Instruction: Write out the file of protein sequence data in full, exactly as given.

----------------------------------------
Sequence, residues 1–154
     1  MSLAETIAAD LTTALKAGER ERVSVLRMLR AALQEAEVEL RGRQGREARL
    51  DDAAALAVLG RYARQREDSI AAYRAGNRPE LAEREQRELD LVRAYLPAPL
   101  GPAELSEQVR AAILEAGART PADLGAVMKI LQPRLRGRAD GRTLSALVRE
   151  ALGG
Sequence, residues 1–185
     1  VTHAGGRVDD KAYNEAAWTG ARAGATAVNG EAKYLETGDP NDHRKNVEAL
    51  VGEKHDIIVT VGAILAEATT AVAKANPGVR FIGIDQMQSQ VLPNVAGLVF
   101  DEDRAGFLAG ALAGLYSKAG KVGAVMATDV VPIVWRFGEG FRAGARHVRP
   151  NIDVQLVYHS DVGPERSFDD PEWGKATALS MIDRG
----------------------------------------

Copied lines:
Sequence, residues 1–154
     1  MSLAETIAAD LTTALKAGER ERVSVLRMLR AALQEAEVEL RGRQGREARL
    51  DDAAALAVLG RYARQREDSI AAYRAGNRPE LAEREQRELD LVRAYLPAPL
   101  GPAELSEQVR AAILEAGART PADLGAVMKI LQPRLRGRAD GRTLSALVRE
   151  ALGG
Sequence, residues 1–185
     1  VTHAGGRVDD KAYNEAAWTG ARAGATAVNG EAKYLETGDP NDHRKNVEAL
    51  VGEKHDIIVT VGAILAEATT AVAKANPGVR FIGIDQMQSQ VLPNVAGLVF
   101  DEDRAGFLAG ALAGLYSKAG KVGAVMATDV VPIVWRFGEG FRAGARHVRP
   151  NIDVQLVYHS DVGPERSFDD PEWGKATALS MIDRG